Michael Gerrity went to jail for more than $250,000 embezzled two decades ago from a charity hospital near Buffalo, New York, that he runs and is affiliated with a group of Catholic nuns, according to prosecutors, who say he spent some of the money. holiday.
Today, she works for the Augustinian Catholic religious order as head of fundraising for the Chicago area.
Just last month, he hosted a benefit party at the Drake Hotel, an event which in recent years has generated an estimated $250,000 in bookings for his hires.
Gerrity, now 72, was hired by Augustinian in 2011. That was six years after she pleaded guilty to two counts of attempted capital larceny and five years after she was sentenced to several months in prison.
The allegations stem from his time as executive director of the St. Thomas Hospital Foundation. St. Joseph, a charity for medical centers in the Buffalo area founded by and long associated with Franciscan nuns. As top administrator, Gerrity has been described as the primary “face” of the foundation, raising money to purchase items such as hospital equipment to improve patient care.
But Gerrity, who has taught classes and written books on philanthropy, admitted she “raised” about $250,000 from the foundation and agreed to pay it back, court records show. He also admitted that he “raised” $15,000 or more from other Catholic hospice groups.
One prosecutor said in 2005 that Gerrity's spending “had no legitimate underlying purpose” and that “the most blatant thing that came to mind was a paid start-to-finish private vacation,” reported the Buffalo News.
Gerrity also used foundation money to make political contributions to Republican campaign committees, according to a note from the Erie County, NY, attorney's office that said her guilt extended from 1999 to 2004.
He was fired that May, according to the Buffalo News, “after auditors found he illegally used a foundation credit card to pay for personal and vacation items and to recoup improper personal expenses.”
Announcing Gerrity's hiring as “director of progress,” a 2012 Augustinian newsletter pointed to her 27 years of fundraising experience “for religious orders, high schools, hospitals, universities, and foreign missions.”
Pastor Anthony Pizzo runs the order in the province of the Midwest, headquartered on the Far Southwest Side. Pizzo, whose order oversees St. Rita on the South Side and Providence Catholic High School in New Lenox, said Gerrity came “on the highest recommendation from many distinguished people who worked with her.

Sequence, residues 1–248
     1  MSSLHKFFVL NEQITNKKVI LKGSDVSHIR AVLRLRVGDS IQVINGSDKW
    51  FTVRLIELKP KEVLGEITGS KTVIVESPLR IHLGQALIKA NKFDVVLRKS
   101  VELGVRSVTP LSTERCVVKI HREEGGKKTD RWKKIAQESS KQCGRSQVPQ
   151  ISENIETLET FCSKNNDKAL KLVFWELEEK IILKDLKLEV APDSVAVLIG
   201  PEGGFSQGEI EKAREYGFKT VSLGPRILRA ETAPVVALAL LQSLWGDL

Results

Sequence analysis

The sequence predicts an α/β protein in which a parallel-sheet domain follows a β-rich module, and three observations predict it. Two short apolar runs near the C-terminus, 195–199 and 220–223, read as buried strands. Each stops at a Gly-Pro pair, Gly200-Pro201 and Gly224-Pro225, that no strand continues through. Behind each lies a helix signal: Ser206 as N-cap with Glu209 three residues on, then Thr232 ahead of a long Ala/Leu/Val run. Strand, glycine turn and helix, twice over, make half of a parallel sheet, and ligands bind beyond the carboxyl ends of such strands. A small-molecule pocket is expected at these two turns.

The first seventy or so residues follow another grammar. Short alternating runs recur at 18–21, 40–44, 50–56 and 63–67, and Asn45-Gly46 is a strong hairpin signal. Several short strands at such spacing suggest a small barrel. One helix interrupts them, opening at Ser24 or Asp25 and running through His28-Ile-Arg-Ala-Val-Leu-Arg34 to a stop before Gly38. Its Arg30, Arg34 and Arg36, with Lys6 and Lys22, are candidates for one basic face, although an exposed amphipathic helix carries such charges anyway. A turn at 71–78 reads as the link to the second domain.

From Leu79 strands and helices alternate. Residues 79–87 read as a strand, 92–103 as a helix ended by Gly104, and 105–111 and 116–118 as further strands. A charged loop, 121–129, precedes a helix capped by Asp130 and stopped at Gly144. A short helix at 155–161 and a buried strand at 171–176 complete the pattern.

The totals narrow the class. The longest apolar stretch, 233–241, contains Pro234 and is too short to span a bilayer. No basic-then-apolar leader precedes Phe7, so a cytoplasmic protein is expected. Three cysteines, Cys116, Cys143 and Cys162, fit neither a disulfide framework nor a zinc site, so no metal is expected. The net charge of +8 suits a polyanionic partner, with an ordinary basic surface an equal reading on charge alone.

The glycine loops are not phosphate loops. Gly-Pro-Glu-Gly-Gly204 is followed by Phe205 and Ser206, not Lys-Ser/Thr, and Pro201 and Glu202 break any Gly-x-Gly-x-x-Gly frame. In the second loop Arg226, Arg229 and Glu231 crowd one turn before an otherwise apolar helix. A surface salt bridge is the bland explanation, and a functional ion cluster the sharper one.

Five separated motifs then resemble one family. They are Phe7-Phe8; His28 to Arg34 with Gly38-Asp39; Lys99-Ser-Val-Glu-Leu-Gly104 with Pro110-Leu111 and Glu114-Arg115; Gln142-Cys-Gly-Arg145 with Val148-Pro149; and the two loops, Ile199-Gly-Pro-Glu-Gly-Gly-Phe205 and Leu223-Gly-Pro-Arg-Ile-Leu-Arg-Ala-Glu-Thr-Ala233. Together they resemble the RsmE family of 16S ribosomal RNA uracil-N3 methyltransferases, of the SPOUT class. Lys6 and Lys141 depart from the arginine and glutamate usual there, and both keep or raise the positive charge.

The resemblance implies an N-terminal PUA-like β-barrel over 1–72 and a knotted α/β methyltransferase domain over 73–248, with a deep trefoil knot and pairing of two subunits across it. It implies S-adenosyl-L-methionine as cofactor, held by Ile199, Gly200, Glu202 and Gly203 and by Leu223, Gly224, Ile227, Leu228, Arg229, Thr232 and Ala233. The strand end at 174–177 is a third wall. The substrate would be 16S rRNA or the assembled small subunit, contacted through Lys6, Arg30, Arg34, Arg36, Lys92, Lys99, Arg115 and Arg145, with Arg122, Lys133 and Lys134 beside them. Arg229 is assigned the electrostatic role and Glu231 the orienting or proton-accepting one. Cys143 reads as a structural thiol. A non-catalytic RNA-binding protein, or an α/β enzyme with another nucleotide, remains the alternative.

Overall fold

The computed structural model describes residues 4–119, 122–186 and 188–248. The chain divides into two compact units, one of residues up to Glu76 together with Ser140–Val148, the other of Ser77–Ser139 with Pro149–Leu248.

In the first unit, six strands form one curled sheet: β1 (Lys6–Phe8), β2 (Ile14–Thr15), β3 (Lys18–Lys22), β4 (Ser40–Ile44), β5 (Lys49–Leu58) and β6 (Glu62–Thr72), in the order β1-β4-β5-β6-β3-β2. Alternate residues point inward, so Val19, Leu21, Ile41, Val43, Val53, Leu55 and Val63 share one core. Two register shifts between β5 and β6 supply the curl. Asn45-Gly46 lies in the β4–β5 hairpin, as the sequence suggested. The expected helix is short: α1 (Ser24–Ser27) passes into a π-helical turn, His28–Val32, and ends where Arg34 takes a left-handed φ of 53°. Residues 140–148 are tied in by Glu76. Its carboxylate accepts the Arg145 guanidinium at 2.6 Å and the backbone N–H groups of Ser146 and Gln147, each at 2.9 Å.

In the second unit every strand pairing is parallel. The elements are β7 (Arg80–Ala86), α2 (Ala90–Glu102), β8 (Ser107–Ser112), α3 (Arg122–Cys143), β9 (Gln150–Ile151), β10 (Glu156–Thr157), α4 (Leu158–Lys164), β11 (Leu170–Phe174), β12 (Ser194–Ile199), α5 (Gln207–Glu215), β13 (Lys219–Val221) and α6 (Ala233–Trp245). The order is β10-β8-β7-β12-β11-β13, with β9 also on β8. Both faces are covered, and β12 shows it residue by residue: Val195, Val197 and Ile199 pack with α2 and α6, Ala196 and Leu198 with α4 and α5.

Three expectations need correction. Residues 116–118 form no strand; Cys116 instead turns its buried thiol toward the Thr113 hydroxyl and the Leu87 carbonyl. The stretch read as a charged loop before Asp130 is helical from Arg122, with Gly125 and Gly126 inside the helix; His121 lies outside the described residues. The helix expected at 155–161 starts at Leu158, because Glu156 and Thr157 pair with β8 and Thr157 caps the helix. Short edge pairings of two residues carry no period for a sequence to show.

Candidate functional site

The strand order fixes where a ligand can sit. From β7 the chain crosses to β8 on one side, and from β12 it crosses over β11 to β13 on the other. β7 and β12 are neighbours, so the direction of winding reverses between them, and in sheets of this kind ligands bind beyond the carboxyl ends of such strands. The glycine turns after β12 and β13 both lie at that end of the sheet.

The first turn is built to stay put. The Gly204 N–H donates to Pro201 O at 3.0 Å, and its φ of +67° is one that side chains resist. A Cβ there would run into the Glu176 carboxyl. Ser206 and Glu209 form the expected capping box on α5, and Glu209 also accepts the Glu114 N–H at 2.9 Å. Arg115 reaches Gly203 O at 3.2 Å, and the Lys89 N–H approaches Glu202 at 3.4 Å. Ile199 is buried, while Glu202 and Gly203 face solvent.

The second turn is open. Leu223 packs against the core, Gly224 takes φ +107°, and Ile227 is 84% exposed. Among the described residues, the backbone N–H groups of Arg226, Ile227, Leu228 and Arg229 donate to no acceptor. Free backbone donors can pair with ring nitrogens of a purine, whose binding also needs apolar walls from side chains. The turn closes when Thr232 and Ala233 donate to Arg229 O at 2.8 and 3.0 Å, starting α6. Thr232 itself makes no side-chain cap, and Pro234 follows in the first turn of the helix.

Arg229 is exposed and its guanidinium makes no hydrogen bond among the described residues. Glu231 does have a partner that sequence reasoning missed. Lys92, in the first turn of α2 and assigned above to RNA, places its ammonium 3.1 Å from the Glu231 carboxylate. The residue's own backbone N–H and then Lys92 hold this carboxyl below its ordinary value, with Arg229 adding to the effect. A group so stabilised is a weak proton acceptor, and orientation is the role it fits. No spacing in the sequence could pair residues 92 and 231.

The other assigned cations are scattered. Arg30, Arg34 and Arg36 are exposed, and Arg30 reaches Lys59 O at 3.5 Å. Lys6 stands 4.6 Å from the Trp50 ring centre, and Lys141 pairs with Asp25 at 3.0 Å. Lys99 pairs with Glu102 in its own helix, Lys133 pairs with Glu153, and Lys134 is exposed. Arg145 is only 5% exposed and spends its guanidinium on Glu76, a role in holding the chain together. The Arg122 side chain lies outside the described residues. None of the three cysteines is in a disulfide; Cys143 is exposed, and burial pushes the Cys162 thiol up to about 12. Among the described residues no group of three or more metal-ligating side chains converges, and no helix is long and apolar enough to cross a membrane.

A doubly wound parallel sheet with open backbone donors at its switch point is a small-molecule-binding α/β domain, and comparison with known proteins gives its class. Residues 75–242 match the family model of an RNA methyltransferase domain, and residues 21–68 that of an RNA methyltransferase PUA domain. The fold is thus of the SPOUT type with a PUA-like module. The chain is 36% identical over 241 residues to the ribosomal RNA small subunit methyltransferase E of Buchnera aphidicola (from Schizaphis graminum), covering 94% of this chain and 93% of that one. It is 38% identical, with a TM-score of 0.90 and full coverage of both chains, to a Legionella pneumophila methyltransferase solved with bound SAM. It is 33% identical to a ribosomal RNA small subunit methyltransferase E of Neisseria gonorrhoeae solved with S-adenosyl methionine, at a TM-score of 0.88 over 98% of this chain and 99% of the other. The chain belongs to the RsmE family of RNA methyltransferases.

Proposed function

“At the time of his employment, Michael fully disclosed his financial misconduct dating back to 2004,” Pizzo said in a written statement. “In addition, the province conducted a comprehensive background check on Mr Gerrity and conducted due diligence before we offered him the job. Since joining the Midwest Augustinian, he has done exemplary work for us and has lived up to his credentials.”
A person who has worked on Catholic fundraisers in the Chicago area and agreed to speak only on condition of anonymity said the background of anyone involved matters because “trust is at the heart of fundraising, trust is at the heart of philanthropy.”
Pizzo said the Augustinian attitude toward Gerrity was rooted in the teachings of Jesus.
“Disciples of Jesus Christ in the Catholic tradition, the Augustinians tried to follow the words and imitate the actions of Jesus,” he said. “We remember Jesus' reaction to the woman who was caught in adultery, ‘Hasn't anyone punished you? I'm not punishing you either. Go and sin no more.'
“Mr. Gerrity's past is her past. Nearly 20 years ago, she was prosecuted under the law, served her sentence and received full compensation. As religious people, we strive to do more than preach compassion, forgiveness, reconciliation, redemption, and a second chance.Instead, we vowed to God and each other to live it.
Asked about Gerrity, the Reverend James Halstead, provincial treasurer, told a reporter to “talk to God” and suggested consulting the “New Testament” for answers.
Reached by phone and asked about her beliefs, Gerrity said, “That's not it,” then hung up.
The Augustinian Bulletin said the money raised last year from the Drake gala “represents 20% of the Province's annual fundraising needs.”
The order declined to say where the money had gone.
Public records show Gerrity was in the process of paying back the money she took in New York, but that doesn't cover the entire period she will be making restitution payments. A spokesman for Catholic Health, the network that includes Gerrity's old hospital, would not say whether he paid back all the money.